Vaccines for toddlers
Although it is important to vaccinate children who can pass the virus on to other children and adults in schools, as soon as children begin crawling and walking on their own, they become risky carriers of the virus. Toddlers are already being included in some trials that just began in March of 2021 (Moderna and Pfizer), but it is likely to be awhile before any vaccines are approved for this young age group. As with any group, it will be important to make sure that there are no unforeseen side effects (there have been none reported so far), and that children’s immune systems respond to the vaccine in a way that leads to meaningful protection against illness.
Vaccines for infants
For infants, most of the potential risks of exposure come from family members, peers, and caretakers at early childhood daycares. These risks can be minimized by ensuring that all eligible family members and caregivers are fully vaccinated. The original strain of COVID-19 is unlikely to cause serious illness in toddlers or infants (Ng, Bandi, & Tang, 2020), but more recent strains are infecting younger age groups, so taking precautions against exposure is still a good idea, even with infants, until a vaccine is approved for our youngest age groups. While results from clinical trials are the best way to ensure that the vaccines will not cause unanticipated side effects in infants, the main risks would come from failure to achieve full immune protection.
For both toddlers and infants, if vaccines are simply not effective in individuals with immature immune systems, they will not be approved. If, however, they are effective, but the protection wanes over time, we can expect a recommended vaccination schedule of boosters throughout childhood, which is already standard practice for many other vaccines. Parents should try to adhere as closely as possible to the recommended schedule, both to ensure consistent protection for their own children and to prevent their children from becoming sources of exposure to others.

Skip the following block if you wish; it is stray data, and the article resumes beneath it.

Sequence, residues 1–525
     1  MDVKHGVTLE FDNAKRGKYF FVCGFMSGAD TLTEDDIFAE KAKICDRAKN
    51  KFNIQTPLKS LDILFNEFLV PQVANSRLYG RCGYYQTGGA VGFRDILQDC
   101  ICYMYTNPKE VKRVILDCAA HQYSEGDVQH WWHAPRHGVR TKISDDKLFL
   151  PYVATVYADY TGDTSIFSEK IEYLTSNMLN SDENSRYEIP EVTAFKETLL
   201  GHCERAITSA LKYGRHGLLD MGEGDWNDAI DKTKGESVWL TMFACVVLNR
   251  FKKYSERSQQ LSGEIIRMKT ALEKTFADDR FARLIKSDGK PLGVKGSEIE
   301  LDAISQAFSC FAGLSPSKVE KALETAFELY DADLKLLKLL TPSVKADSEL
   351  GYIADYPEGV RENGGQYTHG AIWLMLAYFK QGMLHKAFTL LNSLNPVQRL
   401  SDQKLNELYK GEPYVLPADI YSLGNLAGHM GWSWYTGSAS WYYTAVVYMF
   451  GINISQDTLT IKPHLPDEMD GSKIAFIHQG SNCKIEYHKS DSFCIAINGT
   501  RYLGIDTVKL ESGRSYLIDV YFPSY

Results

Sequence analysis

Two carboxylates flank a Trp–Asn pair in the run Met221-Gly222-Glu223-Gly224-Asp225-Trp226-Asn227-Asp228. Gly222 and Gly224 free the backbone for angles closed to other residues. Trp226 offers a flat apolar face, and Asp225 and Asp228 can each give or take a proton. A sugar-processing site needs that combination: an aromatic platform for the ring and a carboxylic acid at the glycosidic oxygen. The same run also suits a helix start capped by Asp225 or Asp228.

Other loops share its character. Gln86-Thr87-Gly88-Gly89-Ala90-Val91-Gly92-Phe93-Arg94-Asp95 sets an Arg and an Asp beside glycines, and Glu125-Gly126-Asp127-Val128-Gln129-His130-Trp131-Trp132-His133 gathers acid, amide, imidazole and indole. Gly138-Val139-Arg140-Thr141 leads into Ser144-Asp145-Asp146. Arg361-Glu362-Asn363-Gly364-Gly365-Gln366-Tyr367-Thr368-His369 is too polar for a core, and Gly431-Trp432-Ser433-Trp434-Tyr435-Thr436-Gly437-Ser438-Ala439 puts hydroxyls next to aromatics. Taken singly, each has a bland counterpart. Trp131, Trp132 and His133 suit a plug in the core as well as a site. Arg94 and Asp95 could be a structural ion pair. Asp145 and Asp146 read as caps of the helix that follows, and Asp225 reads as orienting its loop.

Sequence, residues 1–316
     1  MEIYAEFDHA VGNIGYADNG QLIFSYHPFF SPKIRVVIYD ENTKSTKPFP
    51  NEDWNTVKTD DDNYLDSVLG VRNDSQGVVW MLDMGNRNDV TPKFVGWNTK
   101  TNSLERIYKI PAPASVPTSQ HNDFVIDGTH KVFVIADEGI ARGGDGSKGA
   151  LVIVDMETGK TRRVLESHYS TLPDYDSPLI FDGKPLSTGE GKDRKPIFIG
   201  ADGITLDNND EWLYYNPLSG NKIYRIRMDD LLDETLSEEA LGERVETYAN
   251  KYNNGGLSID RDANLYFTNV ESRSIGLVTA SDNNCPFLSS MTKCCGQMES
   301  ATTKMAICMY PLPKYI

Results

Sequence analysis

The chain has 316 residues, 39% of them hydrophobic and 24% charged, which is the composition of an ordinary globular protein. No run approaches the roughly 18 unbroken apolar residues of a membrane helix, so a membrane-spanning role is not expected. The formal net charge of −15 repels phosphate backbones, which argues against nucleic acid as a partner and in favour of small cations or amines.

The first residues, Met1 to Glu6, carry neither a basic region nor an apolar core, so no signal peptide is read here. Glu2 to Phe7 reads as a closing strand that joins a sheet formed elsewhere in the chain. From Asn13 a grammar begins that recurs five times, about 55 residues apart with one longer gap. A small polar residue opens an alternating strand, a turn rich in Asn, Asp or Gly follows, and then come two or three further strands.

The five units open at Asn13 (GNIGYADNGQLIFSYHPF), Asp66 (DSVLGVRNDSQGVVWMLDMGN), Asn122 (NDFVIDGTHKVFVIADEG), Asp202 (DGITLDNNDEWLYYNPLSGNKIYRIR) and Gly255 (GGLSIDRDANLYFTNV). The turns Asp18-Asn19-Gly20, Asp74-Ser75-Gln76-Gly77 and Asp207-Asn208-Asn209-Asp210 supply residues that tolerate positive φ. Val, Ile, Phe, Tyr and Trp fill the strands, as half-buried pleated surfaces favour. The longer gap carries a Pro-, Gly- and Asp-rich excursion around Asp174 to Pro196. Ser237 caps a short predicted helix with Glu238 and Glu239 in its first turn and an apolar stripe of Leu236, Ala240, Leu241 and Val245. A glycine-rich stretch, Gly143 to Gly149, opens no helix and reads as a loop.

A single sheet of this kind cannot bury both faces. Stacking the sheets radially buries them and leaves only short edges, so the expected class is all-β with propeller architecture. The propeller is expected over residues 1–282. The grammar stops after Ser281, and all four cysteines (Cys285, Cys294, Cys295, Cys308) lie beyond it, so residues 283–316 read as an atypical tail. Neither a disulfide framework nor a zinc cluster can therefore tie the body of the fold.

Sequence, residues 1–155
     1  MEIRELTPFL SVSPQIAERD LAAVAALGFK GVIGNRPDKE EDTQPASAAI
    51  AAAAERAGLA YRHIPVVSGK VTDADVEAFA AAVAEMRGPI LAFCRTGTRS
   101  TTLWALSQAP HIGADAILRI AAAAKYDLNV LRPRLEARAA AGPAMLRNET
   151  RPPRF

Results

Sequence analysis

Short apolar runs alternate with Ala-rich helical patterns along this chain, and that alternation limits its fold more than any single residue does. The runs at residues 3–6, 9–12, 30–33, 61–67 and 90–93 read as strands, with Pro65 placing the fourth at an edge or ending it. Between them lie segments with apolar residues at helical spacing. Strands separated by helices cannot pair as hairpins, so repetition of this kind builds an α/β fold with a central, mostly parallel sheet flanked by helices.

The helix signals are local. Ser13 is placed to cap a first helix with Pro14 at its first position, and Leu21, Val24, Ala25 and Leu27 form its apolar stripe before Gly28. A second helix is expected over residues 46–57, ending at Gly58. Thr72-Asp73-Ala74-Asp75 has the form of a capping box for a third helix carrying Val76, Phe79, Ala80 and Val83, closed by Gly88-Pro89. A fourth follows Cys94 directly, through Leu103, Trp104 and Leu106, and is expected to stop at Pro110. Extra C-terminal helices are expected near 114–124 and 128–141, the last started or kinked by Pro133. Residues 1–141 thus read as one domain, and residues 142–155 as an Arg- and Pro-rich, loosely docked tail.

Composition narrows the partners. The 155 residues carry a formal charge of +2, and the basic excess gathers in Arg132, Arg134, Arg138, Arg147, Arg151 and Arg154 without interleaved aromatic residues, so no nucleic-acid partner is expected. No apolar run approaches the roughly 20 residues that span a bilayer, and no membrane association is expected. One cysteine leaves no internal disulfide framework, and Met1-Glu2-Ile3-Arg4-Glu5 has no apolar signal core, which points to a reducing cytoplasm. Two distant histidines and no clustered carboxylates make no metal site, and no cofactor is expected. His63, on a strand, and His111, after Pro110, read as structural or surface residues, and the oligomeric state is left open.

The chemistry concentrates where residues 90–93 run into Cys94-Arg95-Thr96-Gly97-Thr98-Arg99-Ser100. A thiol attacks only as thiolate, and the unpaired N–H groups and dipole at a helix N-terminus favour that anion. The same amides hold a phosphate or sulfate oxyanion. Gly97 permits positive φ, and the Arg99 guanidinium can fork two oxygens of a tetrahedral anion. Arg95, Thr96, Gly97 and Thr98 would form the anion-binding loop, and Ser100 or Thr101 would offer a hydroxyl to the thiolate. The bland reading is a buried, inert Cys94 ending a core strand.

For more information on Moderna’s clinical trials with children: https://clinicaltrials.gov/ct2/show/study/NCT04796896
For more information on Pfizer’s clinical trials with children: https://clinicaltrials.gov/ct2/show/study/NCT04816643
American Academy of Pediatrics (April 8, 2021). Children and COVID-19: State-Level Data Report, https://services.aap.org/en/pages/2019-novel-coronavirus-covid-19-infections/children-and-covid-19-state-level-data-report/
Fatima, K., & Syed, N. I. (2018). Dengvaxia controversy: impact on vaccine hesitancy. Journal of global health, 8(2).
Katella, K. (April 13, 2021). Comparing the COVID-19 Vaccines: How are they different? Yale Medicine, https://www.yalemedicine.org/news/covid-19-vaccine-comparison
Ng, K. F., Bandi, S., Bird, P. W., & Tang, J. W. T. (2020). COVID-19 in neonates and infants: progression and recovery. The Pediatric infectious disease journal, 39(7), e140-e142.
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About the Author
Nina Fefferman is a professor in both the Ecology and Evolutionary Biology and Mathematics departments at UT Knoxville, where she is an Associate Director of the One Health Initiative and the Director of the National Institute for Mathematical and Biological Synthesis (NIMBioS). Her research uses mathematical modeling to explore the behavior, evolution, and control of complex systems with application in areas from basic science (evolutionary sociobiology and epidemiology) to informing real-world policies and deployable technology (bio-security, pandemic preparedness, wildlife conservation, and cyber-security).
Vanessa LoBue, Ph.D., is an Associate Professor of Psychology at Rutgers University. She received her B.S. from Carnegie Mellon University and her M.A. and Ph.D. from the University of Virginia. Dr. LoBue’s research focuses on human behavioral responses to emotionally valenced stimuli—specifically to negative or threatening stimuli—and the mechanisms guiding the development of these responses. More specifically, she examines how early perceptual biases for threat contribute to maladaptive avoidance behaviors, such as those associated with the development of fear and anxiety, and how cognition contributes to children’s learning of adaptive avoidance responses, such as avoidance of contagious people or contaminated objects.